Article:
The US West Coast had about 1.1 million boxes this past week, but catches a break next week 12 with only 531,000 boxes arriving. However for Week 13, the West has 3 ships with perhaps 1.2 to 1.5 million boxes followed in Week 14 (last week before the Marketing Order) with 4 ships, which will have easily over 2 million boxes. This potentially about 5 million boxes to the US West Coast prior to the Federal Marketing Order.
If all the vessels are filled to capacity, the total volumes left to arrive to North America beginning next Week 12 until the Marketing Order may be as many 16 million boxes.
Not only will there need to be major promotions, but inventories are going to have to be managed efficiently. I would question that there is sufficient cold storage on the East Coast to effectively handle this much fruit within 100 miles of the ports of Philadelphia and Wilmington, Delaware. Storage on the West is less problematical, with considerable capacity in the San Joaquin Valley.
This is just grapes. What about the big apple crop in Chile? How are they going to arrive to the market, just to mention a single item?
The Federal Marketing Order is not going to achieve its original purpose in 2010. Rather, it is going to exacerbate the oversupply prior to the Coachella season.
The tail end of the Chilean 2009-2010 season may be as interesting in the artificially created oversupply, as the extremely short supply seen through this Week 11.
We shall see.
Good luck to all stakeholders.
— Richard A. “Rick” Eastes
Richard’s analogy to Dunkirk is apt and Rick’s point that the marketing order is having perverse consequences is well taken.
We live in a world now where much of the citizenry has a philosophy that expects government to solve every problem. Yet there is no likelihood that government can do this on a multitude of issues.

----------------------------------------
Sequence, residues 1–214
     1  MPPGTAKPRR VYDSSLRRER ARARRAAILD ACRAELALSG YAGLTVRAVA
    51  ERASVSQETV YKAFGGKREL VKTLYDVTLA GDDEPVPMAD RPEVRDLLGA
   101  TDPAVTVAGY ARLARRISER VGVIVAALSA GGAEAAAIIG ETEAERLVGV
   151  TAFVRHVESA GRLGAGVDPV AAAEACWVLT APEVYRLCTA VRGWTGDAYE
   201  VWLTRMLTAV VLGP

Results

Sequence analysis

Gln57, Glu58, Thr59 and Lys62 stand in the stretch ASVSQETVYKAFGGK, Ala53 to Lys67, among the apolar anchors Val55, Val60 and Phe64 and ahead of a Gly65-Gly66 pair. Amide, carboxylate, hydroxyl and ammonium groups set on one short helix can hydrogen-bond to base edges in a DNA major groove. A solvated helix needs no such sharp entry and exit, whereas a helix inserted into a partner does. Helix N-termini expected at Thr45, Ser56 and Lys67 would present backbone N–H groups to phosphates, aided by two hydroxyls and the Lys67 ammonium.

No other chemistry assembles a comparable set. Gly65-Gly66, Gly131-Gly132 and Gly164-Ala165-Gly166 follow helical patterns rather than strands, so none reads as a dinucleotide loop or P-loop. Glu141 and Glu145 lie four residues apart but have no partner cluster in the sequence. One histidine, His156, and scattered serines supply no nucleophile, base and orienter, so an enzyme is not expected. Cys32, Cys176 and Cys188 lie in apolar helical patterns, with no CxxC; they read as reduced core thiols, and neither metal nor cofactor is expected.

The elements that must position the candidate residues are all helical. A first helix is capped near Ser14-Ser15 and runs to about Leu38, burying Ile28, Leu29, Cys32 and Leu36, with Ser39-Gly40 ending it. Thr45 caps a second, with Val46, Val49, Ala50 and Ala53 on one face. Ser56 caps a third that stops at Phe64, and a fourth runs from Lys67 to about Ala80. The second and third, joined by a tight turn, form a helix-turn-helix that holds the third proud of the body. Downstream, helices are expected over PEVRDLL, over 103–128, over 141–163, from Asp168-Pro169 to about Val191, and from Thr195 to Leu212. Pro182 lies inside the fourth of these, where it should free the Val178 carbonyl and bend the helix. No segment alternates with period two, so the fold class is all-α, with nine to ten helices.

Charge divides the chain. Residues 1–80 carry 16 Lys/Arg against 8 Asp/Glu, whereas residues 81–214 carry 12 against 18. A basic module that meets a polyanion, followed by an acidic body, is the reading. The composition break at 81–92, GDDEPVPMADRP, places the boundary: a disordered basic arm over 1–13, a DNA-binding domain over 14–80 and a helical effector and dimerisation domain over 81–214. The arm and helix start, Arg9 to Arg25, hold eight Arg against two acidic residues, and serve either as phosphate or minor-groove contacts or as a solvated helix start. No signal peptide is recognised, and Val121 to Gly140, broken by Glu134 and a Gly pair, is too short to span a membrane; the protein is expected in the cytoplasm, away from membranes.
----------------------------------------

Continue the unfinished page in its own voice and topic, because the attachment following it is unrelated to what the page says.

Indeed, there is a perversity in that the more things government attempts to do, the more likely it is to fail. In other words, strong government is focused government because that is a government that can achieve its intended goals. Broad government is inherently weak, because it cannot achieve its intended goals.
The issue is often information… central planning has difficulty with freedom, because free people find ways to achieve their own goals, and laws are typically a step behind.
So, the impending marketing order leads to hysterical efforts to get fruit in the US before the deadline, thus making the marketing order impact shipping schedules in ways never intended.
The authors of these types of rules ought to read more Shakespeare and so learn the limits of their philosophies. They might start out with a little Hamlet, especially Act I, Scene 5, when Horatio and Marcellus disturb a conversation that Hamlet is having with his father’s ghost.
Horatio, the rational one, isn’t ready to buy into the idea of a ghost. His “philosophy” does not allow for the existence of ghosts, but Hamlet urges Horatio to open his mind to the possibilities he had not expected:p>
Swear by my sword
Never to speak of this that you have heard.
[Beneath] Swear by his sword.
Well said, old mole, canst work i’ th’ earth so fast?
A worthy pioner! Once more remove, good friends.
O day and night, but this is wondrous strange!
And therefore as a stranger give it welcome.
There are more things in heaven and earth, Horatio,
Than are dreamt of in your philosophy.
Hamlet Act 1, scene 5, 159–167